The footsteps of the Hittites may be traced by the presence of their favourite metal silver. It is in the near neighbourhood of silver mines that some of their chief memorials are found, and their occupation of Asia Minor may have been to a certain extent due to their search for the precious metal. Wherever there are old silver mines in Asia Minor we may expect to meet with traces of them. One or two of the old mines which were probably worked by them I discovered last year in the Gumush Dagh or "Silver Mountains," on the north side of the Masandrian plain. If they had really been worked by the Hittites we should be at no loss to understand how Hittite helmets and shields made their way into Karia. Brugsch Bey's last discovery in Egyptian geography has been that the name of the country in alliance with the Hittites hitherto read Iluna and identified with Ilion is really Manna or Masonia, the ancient name of Lydia. At the time therefore that the Hittites were carrying on their wars with the Egyptians, their satraps were residing at Sardes, and sending the gold of Lydia and the silver of Karia to the rulers of Carchemish and Kadesh. This must be the date to which we should assign the sculptures of Karabel.

Before concluding what must be regarded as an appendix to the Paper read before this Society last July,12 I must say a word or two about the Hittite system of writing itself. Pliny tells us in a well-known passage (N. H., vii, 57): "Litteras semper arbitror Assyrias fuisse; sed alii apud Egyptios a Mercuric, ut Gellius; alii apud Syros repertas volunt." We now know that the advocates of both the Assyrian and the Egyptian invention of writing were right: in both countries systems of writing, which, with all deference to the high authority of Professor Lepsius, I must consider as independent from their first origin, existed from time immemorial. The probability therefore arises that the advocates of the Syrian invention of writing also had truth on [p.308] their side. The "Syrians" can hardly be the Phoenicians, as is generally supposed; since where Pliny elsewhere speaks of the invention of letters he mentions the Phoenicians under their proper name. I am accordingly inclined to see in them the Hittites, confused with the Arameans they had conquered, as we know them to have been by Strabo and other classical authors. In this case the passage of Pliny would be a record of the three independent modes of writing which the East invented, and would contain a half-forgotten tradition of that strange system of hieroglyphics from which in all probability the syllabary of Asia Minor and Kypros was derived.


1 It must not be forgotten that the original silver boss is concave, the figure and hieroglyphics being incised; hence they are reversed. In the description by Professor Sayce and others is followed the conical impression of the silver matrix, in which the characters, &c., are necessarily raised. For the discussion on this Paper see "Proceedings," vol. xviii, 2nd Nov., 1881.—W. H. R.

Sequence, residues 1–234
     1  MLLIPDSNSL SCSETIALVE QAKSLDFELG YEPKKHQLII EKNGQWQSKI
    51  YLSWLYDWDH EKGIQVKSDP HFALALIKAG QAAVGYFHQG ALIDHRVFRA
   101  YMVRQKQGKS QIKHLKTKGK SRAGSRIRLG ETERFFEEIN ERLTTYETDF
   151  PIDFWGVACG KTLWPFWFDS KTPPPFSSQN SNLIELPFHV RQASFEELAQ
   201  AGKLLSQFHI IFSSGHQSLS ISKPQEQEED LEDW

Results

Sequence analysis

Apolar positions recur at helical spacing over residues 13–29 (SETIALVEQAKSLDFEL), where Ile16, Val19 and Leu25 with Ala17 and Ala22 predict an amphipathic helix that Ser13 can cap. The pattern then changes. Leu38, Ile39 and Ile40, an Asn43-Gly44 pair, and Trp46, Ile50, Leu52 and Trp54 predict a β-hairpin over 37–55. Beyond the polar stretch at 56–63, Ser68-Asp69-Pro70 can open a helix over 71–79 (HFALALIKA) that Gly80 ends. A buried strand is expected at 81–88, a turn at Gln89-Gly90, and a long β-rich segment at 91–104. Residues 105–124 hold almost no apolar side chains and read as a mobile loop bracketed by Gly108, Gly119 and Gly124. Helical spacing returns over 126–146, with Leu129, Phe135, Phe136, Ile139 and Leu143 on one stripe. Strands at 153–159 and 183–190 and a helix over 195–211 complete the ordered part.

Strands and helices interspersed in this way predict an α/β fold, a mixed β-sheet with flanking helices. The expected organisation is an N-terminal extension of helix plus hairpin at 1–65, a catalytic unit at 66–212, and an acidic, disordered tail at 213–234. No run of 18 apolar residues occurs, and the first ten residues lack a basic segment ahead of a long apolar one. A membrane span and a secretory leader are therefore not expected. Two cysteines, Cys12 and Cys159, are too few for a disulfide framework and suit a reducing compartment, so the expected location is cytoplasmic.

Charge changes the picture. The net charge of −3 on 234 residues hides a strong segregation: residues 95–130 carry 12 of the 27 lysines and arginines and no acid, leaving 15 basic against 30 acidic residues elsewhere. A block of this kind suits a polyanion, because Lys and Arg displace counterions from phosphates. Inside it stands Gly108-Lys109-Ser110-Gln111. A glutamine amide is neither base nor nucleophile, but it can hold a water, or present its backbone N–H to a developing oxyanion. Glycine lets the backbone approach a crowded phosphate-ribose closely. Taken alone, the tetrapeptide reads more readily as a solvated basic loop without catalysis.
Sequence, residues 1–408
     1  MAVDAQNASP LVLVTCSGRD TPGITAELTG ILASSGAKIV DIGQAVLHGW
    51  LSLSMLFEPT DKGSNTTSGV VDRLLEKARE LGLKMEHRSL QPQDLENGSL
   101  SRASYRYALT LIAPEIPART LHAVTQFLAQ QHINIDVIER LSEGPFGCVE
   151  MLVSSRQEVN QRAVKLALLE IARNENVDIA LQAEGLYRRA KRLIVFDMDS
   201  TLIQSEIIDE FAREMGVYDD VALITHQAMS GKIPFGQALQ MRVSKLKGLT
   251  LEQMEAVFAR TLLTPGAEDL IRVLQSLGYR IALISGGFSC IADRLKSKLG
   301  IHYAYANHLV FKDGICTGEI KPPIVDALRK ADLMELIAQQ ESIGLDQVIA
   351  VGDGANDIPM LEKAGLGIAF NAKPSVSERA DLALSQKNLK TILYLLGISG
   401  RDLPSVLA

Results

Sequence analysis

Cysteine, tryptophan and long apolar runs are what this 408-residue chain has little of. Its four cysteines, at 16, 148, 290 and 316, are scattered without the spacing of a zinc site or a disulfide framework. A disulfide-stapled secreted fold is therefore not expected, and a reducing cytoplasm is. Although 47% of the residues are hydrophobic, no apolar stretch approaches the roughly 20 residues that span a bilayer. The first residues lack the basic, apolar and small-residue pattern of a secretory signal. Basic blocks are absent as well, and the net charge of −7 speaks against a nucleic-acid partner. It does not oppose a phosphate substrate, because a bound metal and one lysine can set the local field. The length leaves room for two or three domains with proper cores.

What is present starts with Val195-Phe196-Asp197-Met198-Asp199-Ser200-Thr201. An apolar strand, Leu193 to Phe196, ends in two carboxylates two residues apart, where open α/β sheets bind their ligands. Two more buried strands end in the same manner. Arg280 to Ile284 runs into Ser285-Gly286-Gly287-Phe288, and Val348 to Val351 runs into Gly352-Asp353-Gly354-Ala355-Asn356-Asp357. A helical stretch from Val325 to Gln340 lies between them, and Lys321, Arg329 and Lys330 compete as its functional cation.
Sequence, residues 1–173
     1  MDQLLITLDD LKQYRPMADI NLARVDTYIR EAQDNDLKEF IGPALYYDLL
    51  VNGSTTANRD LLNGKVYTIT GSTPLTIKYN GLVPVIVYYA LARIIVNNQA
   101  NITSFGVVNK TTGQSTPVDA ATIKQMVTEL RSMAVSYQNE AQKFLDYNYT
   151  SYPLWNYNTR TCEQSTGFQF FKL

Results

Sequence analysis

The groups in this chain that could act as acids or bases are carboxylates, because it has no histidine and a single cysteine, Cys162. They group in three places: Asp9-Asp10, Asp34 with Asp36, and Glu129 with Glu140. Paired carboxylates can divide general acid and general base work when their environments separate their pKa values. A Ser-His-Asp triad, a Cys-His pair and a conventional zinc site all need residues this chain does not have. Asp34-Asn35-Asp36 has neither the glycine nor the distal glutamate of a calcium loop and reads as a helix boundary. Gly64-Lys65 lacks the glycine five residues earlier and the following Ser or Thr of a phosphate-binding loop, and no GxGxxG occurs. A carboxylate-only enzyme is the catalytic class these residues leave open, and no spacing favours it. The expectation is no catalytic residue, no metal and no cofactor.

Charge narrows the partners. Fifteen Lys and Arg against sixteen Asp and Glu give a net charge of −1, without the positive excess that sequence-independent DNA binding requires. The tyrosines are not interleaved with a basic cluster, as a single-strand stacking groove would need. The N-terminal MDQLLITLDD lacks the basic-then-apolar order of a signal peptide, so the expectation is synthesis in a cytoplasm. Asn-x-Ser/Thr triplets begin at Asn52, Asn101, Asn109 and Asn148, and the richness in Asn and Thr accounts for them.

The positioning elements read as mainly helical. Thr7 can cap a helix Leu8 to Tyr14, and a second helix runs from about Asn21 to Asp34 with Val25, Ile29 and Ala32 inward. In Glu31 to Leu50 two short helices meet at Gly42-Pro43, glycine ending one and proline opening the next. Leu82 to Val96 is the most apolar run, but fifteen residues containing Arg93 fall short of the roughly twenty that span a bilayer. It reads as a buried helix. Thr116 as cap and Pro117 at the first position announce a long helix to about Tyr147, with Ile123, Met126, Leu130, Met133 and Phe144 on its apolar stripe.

2 W.A.I. I, 10, 11. 100 sq.

3 I hare miscalled them Urutasians in my former Paper.

4 George Smith's copy of black basalt figure, line 2.

5 See Texier, Plate 78.

6 The name which occurs on the Phoenician seal impressions is (Akar-ezer), not Attar-asar, as it has been read.

7 On one of the seals we find which also occurs in the Carchemish inscriptions. It may be a picture of the girdle of the priestess of the Asiatic goddess which is thus represented in a sculpture at Carchemish, copied by Mr. Boscawen.

8 It is similarly used in the Carchemish inscriptions (J. I, Col. D, 1, 5, Col. II, 3, 4). In George Smith's copy of the black basalt figure (J. Ill), line 3, it is followed by the picture of a man, and that again by the ideograph of "king."

9 In his notes to the forthcoming new edition of the English translation of his "History of Egypt," Brugsch Bey states that a more correct rendering of the Egyptian text would be: "That which is found in the middle of this silver tablet, and on the front side of it, represents the image of the god Sutekh embracing the image of the great king of the land of Khita, and surrounded by an inscription as follows:—'This is the image of the god Sutekh, king of heaven, protector of this agreement.'"

10 The name of Khalclsei given to the Khalybes by the Greeks seems to be derived from their worship of Khaldi, the supreme god of the people of Van and the neighbouring tribes.

11 We should probably read Melitea or Malatiyeh. The copyists of the Vannic inscriptions have invariably confused together the two characters da and li.

12 Present Volume, p. 249, &c.